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Court of Appeals of Texas, Tyler.


NO. 12-17-00050-CR

Decided: February 22, 2017

Panel consisted of Worthen, C.J., Hoyle, J., and Neeley, J.


Relator Willie Donnell Beasley was convicted of aggravated robbery. His sentence was imposed on April 8, 1999. In this original mandamus proceeding, Relator provided a copy of his “Motion for Live Evidentiary Hearing,” which he filed in the trial court on or about September 21, 2016. In the motion, he identifies certain errors he contends occurred at trial and informs the trial court that these errors require a new trial on punishment. Specifically, he argued that he is entitled to “resentencing” because (1) the judgment failed to make a “deadly weapon” finding and (2) the indictment contained “illegal” enhancement allegations. In his petition to this court, Relator asserts that the trial court has failed to rule on this motion and others based on similar allegations. He requests a writ of mandamus directing the trial court to rule on the motions.

A trial court has a ministerial duty to rule upon a properly filed and timely presented motion. See State ex rel. Young v. Sixth Judicial Dist. Court of Appeals, 236 S.W.3d 207, 210 (Tex. Crim. App. 2007) (orig. proceeding). In general, however, it does not have a duty to rule on “free-floating motions unrelated to currently pending actions ․ [and] has no jurisdiction to rule on a motion when it has no plenary jurisdiction coming from an associated case.” In re Cash, No. 06-04-00045-CV, 2004 WL 769473, at *1 (Tex. App.–Texarkana Apr. 13, 2004, orig. proceeding) (mem. op.). In a criminal case, assuming a party timely files a post judgment motion, the trial court's plenary power expires, at most, one hundred five days after the date sentence is imposed. See, e.g., Ex parte Matthews, 452 S.W.3d 8, 13 (Tex. App.–San Antonio 2014, orig. proceeding).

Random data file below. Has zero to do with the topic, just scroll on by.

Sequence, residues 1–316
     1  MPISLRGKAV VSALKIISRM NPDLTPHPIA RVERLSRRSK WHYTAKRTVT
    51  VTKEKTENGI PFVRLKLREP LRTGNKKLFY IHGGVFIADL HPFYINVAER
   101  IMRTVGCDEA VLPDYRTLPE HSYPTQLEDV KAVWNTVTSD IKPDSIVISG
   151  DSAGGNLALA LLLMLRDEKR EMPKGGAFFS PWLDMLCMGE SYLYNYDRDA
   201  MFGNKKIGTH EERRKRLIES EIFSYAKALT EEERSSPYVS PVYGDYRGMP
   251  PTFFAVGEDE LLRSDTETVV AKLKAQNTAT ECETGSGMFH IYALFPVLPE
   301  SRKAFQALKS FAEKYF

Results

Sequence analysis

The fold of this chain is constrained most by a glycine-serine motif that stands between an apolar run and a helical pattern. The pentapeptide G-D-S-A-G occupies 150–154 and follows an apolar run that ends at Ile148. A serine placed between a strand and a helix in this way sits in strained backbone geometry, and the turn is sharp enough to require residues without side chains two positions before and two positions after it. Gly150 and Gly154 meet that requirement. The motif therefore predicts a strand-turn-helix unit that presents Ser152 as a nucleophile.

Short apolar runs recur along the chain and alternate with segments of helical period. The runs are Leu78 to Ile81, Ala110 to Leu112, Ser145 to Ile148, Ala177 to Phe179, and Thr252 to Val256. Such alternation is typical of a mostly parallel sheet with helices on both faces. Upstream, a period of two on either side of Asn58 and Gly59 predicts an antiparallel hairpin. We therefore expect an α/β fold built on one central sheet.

Here, Relator makes no mention of any post judgment motions and asserts that he appealed his 1999 conviction to this court and that this court affirmed the conviction. Nonetheless, by the time he filed the subject motions in 2016, the trial court's plenary power had long since expired. See, e.g., id. Because the trial court's plenary power has expired, it has no jurisdiction to rule on Relator's motion. Accordingly, Relator is not entitled to mandamus relief, and we deny his petition for writ of mandamus. See In re Gibson, No. 12-16-00271-CR, 2016 WL 5845831, at *1 (Tex. App.–Tyler Sept. 30, 2016, orig. proceeding) (mem. op., not designated for publication).


ON THIS DAY came to be heard the petition for writ of mandamus filed by Willie Donnell Beasley; who is the relator in Cause No. A-9192, pending on the docket of the 173rd Judicial District Court of Henderson County, Texas. Said petition for writ of mandamus having been filed herein on February 13, 2017, and the same having been duly considered, because it is the opinion of this Court that the writ should not issue, it is therefore CONSIDERED, ADJUDGED and ORDERED that the said petition for writ of mandamus be, and the same is, hereby denied.

By per curiam opinion.